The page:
• Ghostland

  • An American History in Haunted Places
  • By: Colin Dickey
  • Narrated by: Jon Lindstrom
  • Length: 10 hrs and 48 mins
  • 4.3 out of 5 stars (859 ratings)

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Ghostland

By: Colin Dickey
Narrated by: Jon Lindstrom
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Publisher's Summary

One of NPR’s Great Reads of 2016

“A lively assemblage and smart analysis of dozens of haunting stories...absorbing...[and] intellectually intriguing.” (The New York Times Book Review)

From the author of The Unidentified, an intellectual feast for fans of offbeat history, Ghostland takes listeners on a road trip through some of the country's most infamously haunted places - and deep into the dark side of our history. 

Colin Dickey is on the trail of America's ghosts. Crammed into old houses and hotels, abandoned prisons and empty hospitals, the spirits that linger continue to capture our collective imagination, but why? His own fascination piqued by a house hunt in Los Angeles that revealed derelict foreclosures and "zombie homes", Dickey embarks on a journey across the continental United States to decode and unpack the American history repressed in our most famous haunted places. Some have established reputations as "the most haunted mansion in America" or "the most haunted prison"; others, like the haunted Indian burial grounds in West Virginia, evoke memories from the past our collective nation tries to forget. 

With boundless curiosity, Dickey conjures the dead by focusing on questions of the living - how do we, the living, deal with stories about ghosts, and how do we inhabit and move through spaces that have been deemed, for whatever reason, haunted? Paying attention not only to the true facts behind a ghost story, but also to the ways in which changes to those facts are made - and why those changes are made - Dickey paints a version of American history left out of the textbooks, one of things left undone, crimes left unsolved. Spellbinding, scary, and wickedly insightful, Ghostland discovers the past we're most afraid to speak of aloud in the bright light of day is the same past that tends to linger in the ghost stories we whisper in the dark. 

©2016 Colin Dickey (P)2016 Penguin Audio
  • Unabridged Audiobook
  • Categories: History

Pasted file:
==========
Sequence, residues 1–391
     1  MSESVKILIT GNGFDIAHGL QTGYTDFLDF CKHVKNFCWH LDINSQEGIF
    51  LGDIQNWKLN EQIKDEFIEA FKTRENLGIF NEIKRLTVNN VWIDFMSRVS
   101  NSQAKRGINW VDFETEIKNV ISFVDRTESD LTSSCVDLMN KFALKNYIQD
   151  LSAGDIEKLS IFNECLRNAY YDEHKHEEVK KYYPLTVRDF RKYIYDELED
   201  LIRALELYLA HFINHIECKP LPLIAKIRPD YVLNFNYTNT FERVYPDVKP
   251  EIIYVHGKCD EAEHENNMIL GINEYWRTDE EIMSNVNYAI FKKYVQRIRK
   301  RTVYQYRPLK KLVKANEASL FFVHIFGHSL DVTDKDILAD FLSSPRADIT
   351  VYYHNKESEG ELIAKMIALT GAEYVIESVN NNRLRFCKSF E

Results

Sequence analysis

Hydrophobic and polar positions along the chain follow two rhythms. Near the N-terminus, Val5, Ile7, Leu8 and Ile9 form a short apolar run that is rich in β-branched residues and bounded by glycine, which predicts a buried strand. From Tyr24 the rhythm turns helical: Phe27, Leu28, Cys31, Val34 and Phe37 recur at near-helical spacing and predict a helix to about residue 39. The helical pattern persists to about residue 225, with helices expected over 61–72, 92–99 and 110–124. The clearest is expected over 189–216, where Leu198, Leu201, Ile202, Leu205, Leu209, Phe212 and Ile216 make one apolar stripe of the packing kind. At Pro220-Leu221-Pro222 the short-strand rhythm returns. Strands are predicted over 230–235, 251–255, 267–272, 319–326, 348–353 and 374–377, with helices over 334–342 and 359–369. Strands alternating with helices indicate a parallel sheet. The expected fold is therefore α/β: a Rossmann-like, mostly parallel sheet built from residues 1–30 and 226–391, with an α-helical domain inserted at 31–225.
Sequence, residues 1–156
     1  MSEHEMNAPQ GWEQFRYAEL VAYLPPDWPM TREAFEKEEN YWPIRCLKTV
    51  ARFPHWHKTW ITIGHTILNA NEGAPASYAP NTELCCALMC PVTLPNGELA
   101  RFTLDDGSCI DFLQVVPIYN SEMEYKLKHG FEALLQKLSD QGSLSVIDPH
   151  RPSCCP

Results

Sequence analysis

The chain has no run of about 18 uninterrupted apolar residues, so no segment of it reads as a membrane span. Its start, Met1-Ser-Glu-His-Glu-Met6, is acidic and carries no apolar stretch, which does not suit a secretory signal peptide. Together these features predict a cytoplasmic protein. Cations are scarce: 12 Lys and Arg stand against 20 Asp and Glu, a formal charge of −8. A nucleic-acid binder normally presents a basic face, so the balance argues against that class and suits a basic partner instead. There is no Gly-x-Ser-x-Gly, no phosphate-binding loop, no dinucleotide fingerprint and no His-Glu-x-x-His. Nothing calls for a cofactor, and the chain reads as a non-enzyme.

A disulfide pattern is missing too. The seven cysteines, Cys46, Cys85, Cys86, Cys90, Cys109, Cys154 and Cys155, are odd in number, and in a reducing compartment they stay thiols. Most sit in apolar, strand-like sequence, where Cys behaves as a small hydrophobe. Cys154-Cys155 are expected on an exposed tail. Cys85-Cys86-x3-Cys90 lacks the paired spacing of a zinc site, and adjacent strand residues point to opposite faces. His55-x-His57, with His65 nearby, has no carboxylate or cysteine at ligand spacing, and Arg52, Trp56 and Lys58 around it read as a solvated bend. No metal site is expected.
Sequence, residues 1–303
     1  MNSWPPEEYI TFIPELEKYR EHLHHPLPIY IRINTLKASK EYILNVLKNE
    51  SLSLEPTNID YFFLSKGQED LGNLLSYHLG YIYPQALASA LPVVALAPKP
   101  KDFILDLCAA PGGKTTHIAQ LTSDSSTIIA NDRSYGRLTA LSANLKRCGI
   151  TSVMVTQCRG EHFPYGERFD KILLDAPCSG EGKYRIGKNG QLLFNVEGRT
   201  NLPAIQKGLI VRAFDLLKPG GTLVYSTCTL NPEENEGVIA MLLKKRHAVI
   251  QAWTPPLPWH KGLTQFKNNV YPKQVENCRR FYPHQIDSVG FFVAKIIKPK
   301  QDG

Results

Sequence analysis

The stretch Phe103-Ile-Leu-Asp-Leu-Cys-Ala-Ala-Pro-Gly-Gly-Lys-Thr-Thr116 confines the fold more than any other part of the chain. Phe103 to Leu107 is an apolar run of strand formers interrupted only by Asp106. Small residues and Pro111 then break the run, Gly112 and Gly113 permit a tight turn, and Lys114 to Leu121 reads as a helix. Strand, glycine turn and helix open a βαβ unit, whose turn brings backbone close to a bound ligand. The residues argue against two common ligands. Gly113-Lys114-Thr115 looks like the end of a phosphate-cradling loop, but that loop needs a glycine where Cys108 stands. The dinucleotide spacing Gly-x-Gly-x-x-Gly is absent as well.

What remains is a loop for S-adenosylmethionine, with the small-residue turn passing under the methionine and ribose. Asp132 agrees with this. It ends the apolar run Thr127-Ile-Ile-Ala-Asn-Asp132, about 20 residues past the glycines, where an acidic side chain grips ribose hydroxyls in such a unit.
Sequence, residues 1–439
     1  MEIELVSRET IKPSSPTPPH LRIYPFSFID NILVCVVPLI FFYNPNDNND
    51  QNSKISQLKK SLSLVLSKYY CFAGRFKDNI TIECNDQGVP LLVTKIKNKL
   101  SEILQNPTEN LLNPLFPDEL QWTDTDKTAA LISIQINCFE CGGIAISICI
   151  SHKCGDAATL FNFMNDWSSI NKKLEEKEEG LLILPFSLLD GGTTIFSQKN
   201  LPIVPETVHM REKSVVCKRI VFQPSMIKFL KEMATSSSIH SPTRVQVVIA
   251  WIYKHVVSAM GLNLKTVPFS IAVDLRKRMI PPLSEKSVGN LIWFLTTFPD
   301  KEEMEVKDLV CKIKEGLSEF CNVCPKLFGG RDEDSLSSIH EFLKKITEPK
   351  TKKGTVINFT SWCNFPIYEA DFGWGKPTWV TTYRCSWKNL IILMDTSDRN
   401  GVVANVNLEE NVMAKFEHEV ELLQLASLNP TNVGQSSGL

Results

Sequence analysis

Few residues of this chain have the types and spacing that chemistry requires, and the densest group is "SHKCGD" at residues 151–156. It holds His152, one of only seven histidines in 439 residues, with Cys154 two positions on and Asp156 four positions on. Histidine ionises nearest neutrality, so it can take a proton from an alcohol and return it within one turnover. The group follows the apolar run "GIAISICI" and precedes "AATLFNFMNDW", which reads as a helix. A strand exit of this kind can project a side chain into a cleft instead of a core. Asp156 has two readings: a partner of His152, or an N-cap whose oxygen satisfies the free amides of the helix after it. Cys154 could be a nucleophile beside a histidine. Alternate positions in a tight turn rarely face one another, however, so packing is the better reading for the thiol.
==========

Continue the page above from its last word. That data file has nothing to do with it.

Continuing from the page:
Critic Reviews

 “The spectral map Dickey creates is as broad and packed as his book’s title implies ... Ghostland amounts to a lively assemblage and smart analysis of dozens of haunting stories, some better known than others. In each chapter, Dickey spins riveting tales and then carefully unwinds these narratives, exposing the materials and motivations of their construction ... The most fascinating moments in Ghostland are Dickey’s etymological musings and his many turns down unusual paths of American history ... All of these are absorbing ... With Ghostland, Dickey achieves a capacious geographical synthesis that is both intellectually intriguing and politically instructive.” (The New York Times Book Review)

“For a relatively young nation, America is overrun with spirits. Mr. Dickey visits with Salem’s witches, spectral lights at a Nevada brothel and the eccentric widow who designed the sprawling, never-finished Winchester Mystery House...[to] suggest that by analyzing them we can learn a great deal about ourselves." (The Wall Street Journal)

"The good news: Nothing's really haunted except by the spirits we imagine for ourselves. The bad news: We'll make anything haunted. The great news: There's Ghostland. Colin Dickey gets to the heart of the matter over and over, skirting any tourist-trap sensationalism in favor of historical context that touches on the longing and tragedy underneath ghost stories. It's a tour of America's haunted places that takes an insightful look at how ghost stories are made, how ghosts and historical visibility are so tightly intertwined, and why we keep looking for the dead." (NPR)   

What listeners say about Ghostland

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  • Overall
    3 out of 5 stars
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    2 out of 5 stars

A fluffed-up college essay writ large.

The basic premise of telling a scripted ghost story or haunting, then analyzing the cultural forces behind said story and the actual facts to give a more realistic interpretation of the situation is enough to drive a book. An "Adam Ruins Everything" exclusively for ghosts.

Unfortunately the writer is incredibly fond of re-stating ideas with increasingly flowery paragraphs, as if one is reading a book that had a minimum word requirement and the author only had 2/3rds of said requirement the night before sending it out.